After the COVID-19 pandemic shut everything down in 2020 and things began to return to something resembling normalcy in the spring of 2021, the job market faced enormous changes. Suddenly, it wasn’t employees competing for a small number of open jobs, but employers competing for candidates with several opportunities to choose from.
Because of this, companies must take a very different approach to their recruiting and onboarding processes, or else run the risk of losing that candidate.
The most important thing an employer should do in their recruiting and onboarding is to emphasize transparency and honesty.
In this environment, candidates have plenty of options that they can go with for their job. If your recruiting process makes a potential employee feel uncomfortable or uncertain about something in your company, they may pursue other opportunities. But, perhaps even worse, if they accept your job offer and find that you haven’t been fully transparent, they could decide to leave and put you in an even worse situation than before.
The Importance of Transparency
Solving many of these issues comes down to streamlining your recruitment process. The more streamlined you are when recruiting new candidates, the less you have to worry about negotiations breaking down. If you are putting everything out on the table out front and the candidate knows what to expect, you are less likely to have retention issues going forward.
The transparency needs to start with the job description on your listing. You need to be clear about what you expect from potential employees and a candidate should know precisely what they are expected to do if hired. Once an employee is hired, if they find that the job isn’t what they expected, they likely aren’t going to be happy and will try to find another opportunity elsewhere.
Virtual Hiring Fairs
One of the easiest ways to streamline the recruiting process is to go virtual. The old way of hiring with several in-office interviews is in the past with virtual hiring fairs and online interviews becoming the norm. This may have been a change brought about as a result of the pandemic and the unique constraints this put on companies, but it should be here to stay. It gives the candidate added flexibility and allows companies to open their hiring pool to a much wider reach geographically.
Knowing What Candidates Are Looking For
When talking about critical factors for employees when making career decisions, consistently ranked near the top is pay. With the sheer amount of options qualified candidates currently have, competitive pay can be a make-or-break point for your company.
It is also essential to be upfront about salary in all steps of the recruiting process. You’re wasting each other’s time if there is a disparity between what a candidate expects and what an employer can offer. There is no use in leading an employee on if you can’t pay them what they are willing to work for.
While money isn’t the only factor for potential employees, benefits can also determine which workplace is the best fit for them. Candidates may be willing to take a reduced pay if the benefits offered to them are irresistible.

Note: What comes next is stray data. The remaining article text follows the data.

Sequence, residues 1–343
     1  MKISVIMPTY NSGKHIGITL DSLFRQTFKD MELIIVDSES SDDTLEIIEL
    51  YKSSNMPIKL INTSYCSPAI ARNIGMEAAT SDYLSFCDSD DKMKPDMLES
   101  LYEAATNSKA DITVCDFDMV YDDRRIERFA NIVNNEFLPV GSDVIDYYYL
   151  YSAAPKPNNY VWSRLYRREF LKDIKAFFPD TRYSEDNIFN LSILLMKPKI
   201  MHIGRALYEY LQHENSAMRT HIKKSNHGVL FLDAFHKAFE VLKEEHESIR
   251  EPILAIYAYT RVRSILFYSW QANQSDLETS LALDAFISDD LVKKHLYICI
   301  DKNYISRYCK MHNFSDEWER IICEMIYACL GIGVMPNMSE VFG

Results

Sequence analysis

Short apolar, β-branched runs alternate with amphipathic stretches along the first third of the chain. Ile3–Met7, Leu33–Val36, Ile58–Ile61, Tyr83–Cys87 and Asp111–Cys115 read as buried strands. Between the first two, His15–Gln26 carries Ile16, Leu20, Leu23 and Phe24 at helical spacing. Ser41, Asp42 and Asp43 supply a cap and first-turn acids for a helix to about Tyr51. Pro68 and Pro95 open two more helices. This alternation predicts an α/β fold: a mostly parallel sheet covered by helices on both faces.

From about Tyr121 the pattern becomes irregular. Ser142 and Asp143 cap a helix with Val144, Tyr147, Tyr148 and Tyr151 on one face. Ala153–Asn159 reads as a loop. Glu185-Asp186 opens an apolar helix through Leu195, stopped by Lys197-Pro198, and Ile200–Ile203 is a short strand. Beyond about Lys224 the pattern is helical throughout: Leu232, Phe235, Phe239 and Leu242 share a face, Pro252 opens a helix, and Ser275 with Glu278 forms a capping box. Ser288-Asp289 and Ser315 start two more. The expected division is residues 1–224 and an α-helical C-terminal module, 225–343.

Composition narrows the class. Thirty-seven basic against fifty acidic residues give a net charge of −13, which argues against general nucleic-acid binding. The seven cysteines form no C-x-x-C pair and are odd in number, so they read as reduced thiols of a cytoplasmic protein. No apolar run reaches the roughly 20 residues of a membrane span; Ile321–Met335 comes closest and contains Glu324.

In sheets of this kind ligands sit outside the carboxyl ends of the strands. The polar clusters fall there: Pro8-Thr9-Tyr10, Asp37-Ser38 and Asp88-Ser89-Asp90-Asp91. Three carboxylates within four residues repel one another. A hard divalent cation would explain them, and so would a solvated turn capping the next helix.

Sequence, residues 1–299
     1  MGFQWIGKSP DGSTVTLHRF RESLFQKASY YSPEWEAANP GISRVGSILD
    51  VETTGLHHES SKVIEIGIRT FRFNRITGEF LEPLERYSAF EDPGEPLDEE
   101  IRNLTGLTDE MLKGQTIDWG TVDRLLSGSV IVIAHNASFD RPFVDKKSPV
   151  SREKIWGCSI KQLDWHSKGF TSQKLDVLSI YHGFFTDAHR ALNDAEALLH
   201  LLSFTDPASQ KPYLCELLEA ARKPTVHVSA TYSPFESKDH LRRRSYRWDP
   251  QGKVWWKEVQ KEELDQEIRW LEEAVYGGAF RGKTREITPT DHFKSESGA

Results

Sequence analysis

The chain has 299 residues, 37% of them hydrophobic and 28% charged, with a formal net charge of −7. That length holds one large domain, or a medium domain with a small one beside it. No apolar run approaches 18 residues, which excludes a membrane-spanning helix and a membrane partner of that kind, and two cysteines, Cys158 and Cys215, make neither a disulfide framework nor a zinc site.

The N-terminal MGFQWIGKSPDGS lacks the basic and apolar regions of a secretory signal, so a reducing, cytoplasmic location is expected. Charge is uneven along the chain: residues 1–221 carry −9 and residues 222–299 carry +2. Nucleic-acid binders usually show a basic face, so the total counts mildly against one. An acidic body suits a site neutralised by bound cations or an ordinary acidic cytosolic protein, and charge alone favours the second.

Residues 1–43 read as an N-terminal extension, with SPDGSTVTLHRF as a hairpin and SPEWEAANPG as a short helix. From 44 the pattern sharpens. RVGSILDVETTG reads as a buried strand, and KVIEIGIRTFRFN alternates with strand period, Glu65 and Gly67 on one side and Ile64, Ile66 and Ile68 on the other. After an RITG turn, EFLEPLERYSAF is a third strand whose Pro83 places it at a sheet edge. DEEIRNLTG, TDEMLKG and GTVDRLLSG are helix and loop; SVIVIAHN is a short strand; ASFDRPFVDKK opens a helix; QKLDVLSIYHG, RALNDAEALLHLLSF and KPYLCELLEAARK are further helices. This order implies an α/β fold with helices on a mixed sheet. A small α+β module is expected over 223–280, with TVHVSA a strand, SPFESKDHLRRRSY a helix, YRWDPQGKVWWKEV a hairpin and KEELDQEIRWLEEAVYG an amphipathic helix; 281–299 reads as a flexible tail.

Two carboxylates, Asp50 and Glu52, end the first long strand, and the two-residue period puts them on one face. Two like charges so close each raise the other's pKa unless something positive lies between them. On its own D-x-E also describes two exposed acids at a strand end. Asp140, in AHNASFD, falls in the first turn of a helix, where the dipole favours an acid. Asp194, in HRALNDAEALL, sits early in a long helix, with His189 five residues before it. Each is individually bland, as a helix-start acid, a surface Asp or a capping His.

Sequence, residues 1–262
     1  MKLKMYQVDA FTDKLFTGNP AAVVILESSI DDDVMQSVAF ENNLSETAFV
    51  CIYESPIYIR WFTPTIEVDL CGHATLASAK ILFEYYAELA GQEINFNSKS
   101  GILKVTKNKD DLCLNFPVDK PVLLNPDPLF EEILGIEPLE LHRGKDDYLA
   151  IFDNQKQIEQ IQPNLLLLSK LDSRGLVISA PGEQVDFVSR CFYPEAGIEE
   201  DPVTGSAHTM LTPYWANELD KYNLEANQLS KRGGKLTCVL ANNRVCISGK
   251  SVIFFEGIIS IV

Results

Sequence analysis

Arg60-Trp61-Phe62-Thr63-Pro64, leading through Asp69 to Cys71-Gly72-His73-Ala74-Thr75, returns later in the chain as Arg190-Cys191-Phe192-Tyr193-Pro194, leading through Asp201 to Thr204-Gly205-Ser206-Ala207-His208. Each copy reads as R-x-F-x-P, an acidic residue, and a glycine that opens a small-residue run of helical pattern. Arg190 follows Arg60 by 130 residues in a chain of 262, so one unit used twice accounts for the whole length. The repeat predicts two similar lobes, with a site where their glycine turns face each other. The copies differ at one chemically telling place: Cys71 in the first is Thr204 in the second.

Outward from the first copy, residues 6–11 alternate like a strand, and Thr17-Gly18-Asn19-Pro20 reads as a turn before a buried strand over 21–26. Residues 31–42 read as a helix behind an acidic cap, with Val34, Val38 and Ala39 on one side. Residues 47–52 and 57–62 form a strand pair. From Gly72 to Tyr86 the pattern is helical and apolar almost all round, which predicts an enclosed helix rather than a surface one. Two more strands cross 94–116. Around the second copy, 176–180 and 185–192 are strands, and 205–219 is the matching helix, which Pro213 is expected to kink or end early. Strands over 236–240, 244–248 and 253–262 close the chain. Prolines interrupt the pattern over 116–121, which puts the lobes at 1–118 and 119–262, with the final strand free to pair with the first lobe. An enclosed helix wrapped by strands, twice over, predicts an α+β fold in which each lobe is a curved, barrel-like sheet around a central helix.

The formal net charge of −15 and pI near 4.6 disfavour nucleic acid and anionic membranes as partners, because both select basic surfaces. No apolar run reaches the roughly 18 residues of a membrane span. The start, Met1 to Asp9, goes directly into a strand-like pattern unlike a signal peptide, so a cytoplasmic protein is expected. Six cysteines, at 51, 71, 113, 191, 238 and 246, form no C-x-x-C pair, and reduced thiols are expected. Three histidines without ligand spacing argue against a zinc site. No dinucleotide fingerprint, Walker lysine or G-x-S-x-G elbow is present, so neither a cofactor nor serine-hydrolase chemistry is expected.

Workers want companies that will take care of them and their needs, including the need for a healthy work-life balance. Paid leave and insurance are absolute musts, and other benefits like stock options and 401k matching will help your company stand out amongst the competition to potential candidates.
Employees are also looking for more flexibility in the workplace than ever before. The pandemic forced many businesses to shift to a work from home model, which revealed the positive impacts this can have on employees.
Offering options such as continuing work from home abilities or hybrid work options will attract some great talent to your company that otherwise may not have been interested in working for you.
Onboarding and Retaining Employees
Once you have brought an employee into your organization, it is vital to ensure that you are taking steps to keep them comfortable within your company. The first thing you can do to make sure that employees are satisfied is to reinforce their value within the company.
Make sure they know that they are a welcome addition to the team and an integral part of it, making contributions directly relevant to the company’s success.
Another step you can take to ensure employee comfort is to welcome feedback and input. Although it is crucial to value input from your employees at all stages, it is particularly vital when they are first onboarding with the company.
It would help if you asked them what you can do to make their transition smoother, as well as how you can help them succeed and feel more comfortable. This feedback will help you make that employee feel more welcome into your company and help make the process better for any future new hires.
Those first few weeks with a new employee are paramount in determining their long-term success within your company. If you get off on the wrong foot, especially with so many companies looking to hire qualified talent, you may alienate those employees and cause them to stay on the hunt for a job.
With increased transparency upfront and a focus on the employee experience starting with the recruiting process, you can find suitable candidates that will stay with your company for a long time.
Ed Stevens is the founder and CEO of Preciate. He is deeply committed to helping others build strong, authentic relationships with the power of technology. Mr. Stevens has a BA from Stanford University.
Weekly news and industry insights delivered straight to your inbox.